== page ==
Excerpt of Pomegranate Soup by Marsha Mehran
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Red Lentil Soup
2 cups dry red lentils
7 large onions, chopped
7 garlic cloves, crushed
1 teaspoon ground turmeric
4 teaspoons ground cumin
5 cups chicken broth
5 cups water
2 teaspoons nigella seeds*
* Ground black pepper may be substituted
Place lentils in a saucepan, cover with water, and bring
to a boil. Cook, uncovered, for 9 minutes. Drain and place aside. In a
large stockpot, fry 6 of the chopped onions, garlic, turmeric, and cumin
in olive oil until golden. Transfer lentils, broth, and water to the
pot. Add salt, nigella seed or pepper to taste. Bring soup to a boil.
Lower heat, cover, and simmer for 40 minutes. Fry the remaining onion in
olive oil until crisp but not blackened. Add as a garnish over
individual bowls of soup.
From her bedroom window, in a flat above the Reek Relics shop,
Dervla Quigley could see the universe. Or its equivalent, which for her was the
comings and goings of all who ventured up and down Main Mall.
A proud Ballinacroagh native through and through, Dervla had
lived with her spinster sister Marie Brennan, ever since her husband of
forty-one years passed away. Although most in town knew the circumstance of Jim
Quigley's ignominious death (a horse breeder from County Kildare, he met his
grand demise being squashed under the flanks of a spotted filly), no one dared
speak about it. As Ballinacroagh's primary gossip, Dervla kept mouths shut with
a combination of canine hearing and a vicious tongue that knew no boundaries.
At most times of the day except during six o'clock Mass
Dervla could be found spying out of her bedroom window. Bolstering her hunched
torso with large pillows, she stared with beady, rhubarb gray eyes out into the
damp street below, determined not to miss a minute of provincial drama. It was
an admirable feat of endurance, this constant watch over all Ballinacroagh,
especially considering the old gossip's unfortunate medical condition. At the
height of her autumn years, and without warning, Dervla Quigley had been
stricken with incontinence, an embarrassing bladder problem that left her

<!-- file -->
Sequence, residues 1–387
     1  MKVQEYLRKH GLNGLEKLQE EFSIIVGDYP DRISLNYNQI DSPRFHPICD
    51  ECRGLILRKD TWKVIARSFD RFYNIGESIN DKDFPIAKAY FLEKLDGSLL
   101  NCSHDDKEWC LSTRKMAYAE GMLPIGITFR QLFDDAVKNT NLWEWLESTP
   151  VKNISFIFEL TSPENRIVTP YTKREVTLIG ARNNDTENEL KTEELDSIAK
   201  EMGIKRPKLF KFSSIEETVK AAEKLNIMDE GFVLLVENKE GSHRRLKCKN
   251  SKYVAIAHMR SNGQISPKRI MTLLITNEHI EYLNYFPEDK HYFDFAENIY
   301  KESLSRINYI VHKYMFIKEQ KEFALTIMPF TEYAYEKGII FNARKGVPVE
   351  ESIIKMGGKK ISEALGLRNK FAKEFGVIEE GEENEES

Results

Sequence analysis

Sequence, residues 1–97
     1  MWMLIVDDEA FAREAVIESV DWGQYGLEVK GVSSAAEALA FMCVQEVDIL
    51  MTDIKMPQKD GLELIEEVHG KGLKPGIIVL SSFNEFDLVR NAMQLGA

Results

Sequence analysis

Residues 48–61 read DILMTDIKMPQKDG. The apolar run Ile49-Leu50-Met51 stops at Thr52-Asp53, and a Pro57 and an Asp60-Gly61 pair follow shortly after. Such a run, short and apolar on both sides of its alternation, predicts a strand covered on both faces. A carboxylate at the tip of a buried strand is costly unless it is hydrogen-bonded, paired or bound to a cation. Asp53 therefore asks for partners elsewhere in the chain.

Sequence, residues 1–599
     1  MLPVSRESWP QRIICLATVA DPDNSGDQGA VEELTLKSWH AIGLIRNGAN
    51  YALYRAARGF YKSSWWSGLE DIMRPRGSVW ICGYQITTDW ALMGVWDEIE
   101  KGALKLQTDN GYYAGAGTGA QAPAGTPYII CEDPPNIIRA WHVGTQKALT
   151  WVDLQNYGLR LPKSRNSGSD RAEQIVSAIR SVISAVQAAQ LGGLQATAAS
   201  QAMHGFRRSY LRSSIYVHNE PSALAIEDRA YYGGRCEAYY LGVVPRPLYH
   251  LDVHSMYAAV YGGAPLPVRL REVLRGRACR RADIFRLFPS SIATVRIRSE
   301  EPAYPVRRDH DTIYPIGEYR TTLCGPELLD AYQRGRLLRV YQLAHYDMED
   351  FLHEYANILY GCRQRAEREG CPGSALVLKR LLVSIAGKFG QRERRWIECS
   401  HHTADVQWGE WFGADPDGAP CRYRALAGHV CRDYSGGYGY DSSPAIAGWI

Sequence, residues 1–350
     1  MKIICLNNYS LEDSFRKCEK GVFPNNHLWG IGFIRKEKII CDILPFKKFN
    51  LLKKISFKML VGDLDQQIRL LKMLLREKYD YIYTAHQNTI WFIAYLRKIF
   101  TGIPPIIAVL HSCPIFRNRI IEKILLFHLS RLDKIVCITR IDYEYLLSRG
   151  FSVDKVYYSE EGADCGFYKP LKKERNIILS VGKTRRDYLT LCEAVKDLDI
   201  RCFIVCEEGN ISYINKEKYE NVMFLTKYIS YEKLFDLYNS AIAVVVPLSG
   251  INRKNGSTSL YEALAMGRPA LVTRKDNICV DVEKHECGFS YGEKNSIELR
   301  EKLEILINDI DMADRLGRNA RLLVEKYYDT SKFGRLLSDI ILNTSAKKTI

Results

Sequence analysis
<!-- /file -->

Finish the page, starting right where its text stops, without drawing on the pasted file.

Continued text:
housebound and dependent on her long-suffering sister. Unable to control her own
body, Dervla soon became obsessed with manipulating everyone else's. Gossip was
not only her friend and solace but a source of great power.
The week that the Aminpour sisters moved into the old pastry
shop would prove especially fruitful for Dervla Quigley. By Sunday, she had
almost met her weekly quota of scandals: on Wednesday, at 1:17 a.m.: Benny
Corcoran stumbled half-blind and drunk out of Paddy's, his hand on the arse of
someone other than his saintly wife (Dervla blamed the broken streetlamp over
the pub for obscuring the floozy's face); on Friday, at 2:47 p.m.: a caravan of
ten decrepit trailer homes tinkers with no shame to them, no shame at all
climbed up Main Mall toward the lower levels of the craggy mountain heap.
Tinkers. Just the word made Dervla shudder. The old gossip's
fury, of course, was a direct product of her ignorance. Despite her boundless
curiosity, Dervla had never stopped to learn the tumultuous history of Ireland's
traveling people. Tinker or "Tinceard" in Gaelic, referred to the tin
pots and cooking pans that, until only a few years ago, were mended and peddled
by the freckly, pale-eyed Celtic nomads. Before plying their tin trade, these
travelers had been storytellers, descendents of medieval Irish bards who earned
their daily bread by belting out high-pitched ditties:
She went to live with a gentleman; one day came a tinker to
solder her pan.
Excerpted from Pomegranate Soup by Marsha Mehran. Copyright © 2005 by Marsha Mehran. Excerpted by permission of Random House, a division of Random House, Inc. All rights reserved. No part of this excerpt may be reproduced or reprinted without permission in writing from the publisher.